We walked along this 1-km walkway to get to the glass bridge.

Ice Odyssey Tour

If you’re looking for a unique experience, the Ice Odyssey Tour is the other tour choice that starts from the Icefields Centre. This 2-hour tour is limited to smaller groups of 14 people or less if having a small group is important to you. You’ll ride in a SHERP vehicle, a special ATV designed for extra rough terrain, to reach the Athabasca Glacier.

Once you’re there, you’ll get to walk on the glacier and learn about its formation and history, like the fact that it’s been a testing ground for NASA. Kendall and I opted not to do the glacier tour on this trip, but it’s on our list for next time!

If you’re interested in doing both the Skywalk and the Ice Odyssey Tour, you can purchase the Columbia Icefield Adventure, which combines both tours.

Stop #3: Hike to Peyto Lake 

Your third and final stop for the day will be a short hike to the overlook over Peyto Lake. If you’re heading to Peyto Lake from the Icefield Centre, it’s about a one-hour drive.

We recommend planning your visit to Peyto Lake on your return trip from the Icefield Centre. This way, you can get to the Icefields Centre to do the Skywalk and/or the Ice Odyssey tour before the majority of the crowds. We got to Peyto Lake around 3 PM, and plenty of parking spaces were still available.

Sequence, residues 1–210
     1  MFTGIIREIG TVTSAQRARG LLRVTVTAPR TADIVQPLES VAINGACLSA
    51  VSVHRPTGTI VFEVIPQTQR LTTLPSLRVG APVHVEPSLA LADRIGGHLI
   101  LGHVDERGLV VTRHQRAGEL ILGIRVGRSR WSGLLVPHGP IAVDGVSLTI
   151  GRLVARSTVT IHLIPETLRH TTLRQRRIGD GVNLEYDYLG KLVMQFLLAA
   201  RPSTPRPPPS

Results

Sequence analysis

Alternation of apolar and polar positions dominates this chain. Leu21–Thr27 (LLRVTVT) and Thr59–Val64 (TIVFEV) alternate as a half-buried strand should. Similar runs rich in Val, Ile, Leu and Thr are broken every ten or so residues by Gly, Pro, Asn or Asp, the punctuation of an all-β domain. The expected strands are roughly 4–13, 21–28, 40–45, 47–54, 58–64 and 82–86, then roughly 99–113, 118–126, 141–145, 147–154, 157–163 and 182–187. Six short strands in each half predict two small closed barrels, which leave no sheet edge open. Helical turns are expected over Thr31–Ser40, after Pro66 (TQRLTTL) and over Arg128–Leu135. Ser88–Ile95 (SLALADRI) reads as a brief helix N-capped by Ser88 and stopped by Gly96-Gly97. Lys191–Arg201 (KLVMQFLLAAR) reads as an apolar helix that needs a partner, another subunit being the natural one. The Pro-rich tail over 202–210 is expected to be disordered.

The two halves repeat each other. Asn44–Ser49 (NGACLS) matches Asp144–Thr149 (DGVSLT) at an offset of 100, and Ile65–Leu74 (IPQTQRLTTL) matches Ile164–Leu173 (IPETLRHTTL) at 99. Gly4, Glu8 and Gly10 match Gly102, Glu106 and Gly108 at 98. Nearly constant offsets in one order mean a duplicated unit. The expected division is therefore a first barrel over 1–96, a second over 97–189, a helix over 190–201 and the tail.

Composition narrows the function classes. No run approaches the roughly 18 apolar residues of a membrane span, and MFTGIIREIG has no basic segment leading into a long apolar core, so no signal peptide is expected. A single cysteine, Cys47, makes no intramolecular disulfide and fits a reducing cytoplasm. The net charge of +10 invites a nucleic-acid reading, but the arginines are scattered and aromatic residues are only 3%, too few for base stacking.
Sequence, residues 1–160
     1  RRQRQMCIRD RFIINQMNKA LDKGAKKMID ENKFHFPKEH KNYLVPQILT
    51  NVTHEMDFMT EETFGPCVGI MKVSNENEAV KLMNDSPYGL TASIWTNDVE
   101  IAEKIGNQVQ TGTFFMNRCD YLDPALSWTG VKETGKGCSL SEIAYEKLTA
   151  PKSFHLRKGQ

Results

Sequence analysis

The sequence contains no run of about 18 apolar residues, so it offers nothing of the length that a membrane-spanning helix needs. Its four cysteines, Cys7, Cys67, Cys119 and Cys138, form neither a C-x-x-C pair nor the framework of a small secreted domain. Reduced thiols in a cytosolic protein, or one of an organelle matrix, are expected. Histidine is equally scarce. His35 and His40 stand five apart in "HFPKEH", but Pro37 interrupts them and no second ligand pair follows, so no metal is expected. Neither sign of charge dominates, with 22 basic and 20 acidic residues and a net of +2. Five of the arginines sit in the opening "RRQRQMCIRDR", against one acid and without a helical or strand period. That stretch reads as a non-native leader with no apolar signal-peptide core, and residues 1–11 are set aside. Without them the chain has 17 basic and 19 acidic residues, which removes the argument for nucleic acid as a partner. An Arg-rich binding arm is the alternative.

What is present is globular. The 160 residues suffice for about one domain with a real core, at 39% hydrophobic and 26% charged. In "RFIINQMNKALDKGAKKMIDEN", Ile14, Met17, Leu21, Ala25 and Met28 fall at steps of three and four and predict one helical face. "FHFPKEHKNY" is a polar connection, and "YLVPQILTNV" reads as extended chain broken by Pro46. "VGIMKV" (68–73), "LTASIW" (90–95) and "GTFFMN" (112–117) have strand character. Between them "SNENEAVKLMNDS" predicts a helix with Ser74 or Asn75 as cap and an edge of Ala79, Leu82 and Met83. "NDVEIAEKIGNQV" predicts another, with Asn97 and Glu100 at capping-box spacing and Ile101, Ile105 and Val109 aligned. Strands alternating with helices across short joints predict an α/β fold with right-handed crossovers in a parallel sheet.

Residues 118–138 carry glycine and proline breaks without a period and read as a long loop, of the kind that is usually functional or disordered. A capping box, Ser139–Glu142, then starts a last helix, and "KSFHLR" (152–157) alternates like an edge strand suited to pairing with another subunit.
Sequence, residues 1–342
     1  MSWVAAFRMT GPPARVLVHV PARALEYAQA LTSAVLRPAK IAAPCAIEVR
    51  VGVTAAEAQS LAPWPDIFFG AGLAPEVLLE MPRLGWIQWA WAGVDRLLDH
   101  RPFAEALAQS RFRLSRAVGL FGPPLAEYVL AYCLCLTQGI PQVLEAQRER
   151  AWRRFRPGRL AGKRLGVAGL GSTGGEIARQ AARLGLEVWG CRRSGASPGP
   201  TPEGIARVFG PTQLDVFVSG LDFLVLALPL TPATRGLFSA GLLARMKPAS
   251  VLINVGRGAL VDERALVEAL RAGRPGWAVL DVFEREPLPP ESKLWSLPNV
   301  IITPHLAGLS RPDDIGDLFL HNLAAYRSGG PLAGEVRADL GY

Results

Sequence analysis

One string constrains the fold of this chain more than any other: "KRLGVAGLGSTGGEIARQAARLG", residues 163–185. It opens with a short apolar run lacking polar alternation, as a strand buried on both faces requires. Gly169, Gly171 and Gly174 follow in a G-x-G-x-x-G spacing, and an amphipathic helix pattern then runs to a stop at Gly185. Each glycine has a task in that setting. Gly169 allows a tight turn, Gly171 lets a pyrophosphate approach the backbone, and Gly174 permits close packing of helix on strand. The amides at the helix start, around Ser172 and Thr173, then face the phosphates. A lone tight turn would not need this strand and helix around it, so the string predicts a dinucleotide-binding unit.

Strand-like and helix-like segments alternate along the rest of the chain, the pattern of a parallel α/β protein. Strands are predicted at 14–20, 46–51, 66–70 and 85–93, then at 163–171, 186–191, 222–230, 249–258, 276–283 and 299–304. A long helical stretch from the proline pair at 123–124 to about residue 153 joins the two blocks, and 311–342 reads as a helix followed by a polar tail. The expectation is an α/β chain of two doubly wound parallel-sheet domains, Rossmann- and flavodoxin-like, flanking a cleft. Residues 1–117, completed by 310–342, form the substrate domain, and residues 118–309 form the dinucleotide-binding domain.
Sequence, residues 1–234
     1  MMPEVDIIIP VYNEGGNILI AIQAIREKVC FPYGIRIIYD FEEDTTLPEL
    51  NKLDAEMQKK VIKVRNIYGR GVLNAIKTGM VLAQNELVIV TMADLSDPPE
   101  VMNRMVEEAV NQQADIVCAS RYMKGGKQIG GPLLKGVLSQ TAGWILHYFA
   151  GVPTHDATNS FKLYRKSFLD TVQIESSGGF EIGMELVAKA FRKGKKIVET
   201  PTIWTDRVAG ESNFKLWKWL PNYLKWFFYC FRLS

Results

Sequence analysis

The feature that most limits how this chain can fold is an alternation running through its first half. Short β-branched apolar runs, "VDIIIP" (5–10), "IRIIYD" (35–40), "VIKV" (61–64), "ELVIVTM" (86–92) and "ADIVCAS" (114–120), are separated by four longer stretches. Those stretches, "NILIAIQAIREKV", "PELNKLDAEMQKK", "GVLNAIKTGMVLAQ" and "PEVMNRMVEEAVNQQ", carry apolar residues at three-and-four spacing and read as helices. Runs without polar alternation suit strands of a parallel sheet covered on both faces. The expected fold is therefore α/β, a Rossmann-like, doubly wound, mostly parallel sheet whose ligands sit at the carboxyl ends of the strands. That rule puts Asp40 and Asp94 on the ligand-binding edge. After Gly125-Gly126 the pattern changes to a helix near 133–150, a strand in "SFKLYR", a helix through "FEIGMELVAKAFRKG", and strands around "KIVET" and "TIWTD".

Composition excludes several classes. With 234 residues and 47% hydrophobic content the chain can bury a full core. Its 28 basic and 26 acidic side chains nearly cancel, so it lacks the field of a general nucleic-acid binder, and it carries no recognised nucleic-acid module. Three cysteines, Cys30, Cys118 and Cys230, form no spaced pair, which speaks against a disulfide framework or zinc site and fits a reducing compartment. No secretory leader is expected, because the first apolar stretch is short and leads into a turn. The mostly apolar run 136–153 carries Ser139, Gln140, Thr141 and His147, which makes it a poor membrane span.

The hike to Peyto Lake is fairly easy. It’s 0.8 miles to the first viewpoint, and if you want to go further, it’s 1.5 miles to the panoramic viewpoint, and the elevation gain is less than 300 feet. 

Just like Lake Louise, Peyto Lake’s bright blue color comes from rock flour that runs into the lake and then refracts light. Kendall and I spent around an hour there, including photo-taking time.

The Peyto Lake Viewpoint.
The Peyto Lake Viewpoint.

If You’ve Got More Time

We decided to only spend one day on the Icefields Parkway so that we had time to explore the town of Banff and hike Johnston Canyon.  But, depending on your itinerary, there is enough to do on the Icefields Parkway that you could spend many days, even weeks, with all the hiking and camping options.  If you’ve got more time, here are a few of the other most popular stops along the parkway: 

  • Bow Lake: one of the larger lakes, also a beautiful blue color, located 24 miles from Lake Louise.
  • Weeping Wall: located 66 miles from Lake Louise, has multiple waterfalls that make the wall look like it’s crying.
  • Big Hill and Big Bend: great views of the valley and the river below, located 71 miles from Lake Louise. 
  • Parker Ridge Hike: 2-hour hike with fantastic views. 

Icefields Parkway Itinerary Map

Here’s a portion of the Icefields Parkway map from Parks Canada that we used when planning this trip.

Icefields Parkway Map from Parks Canada
Image Credit: Parks Canada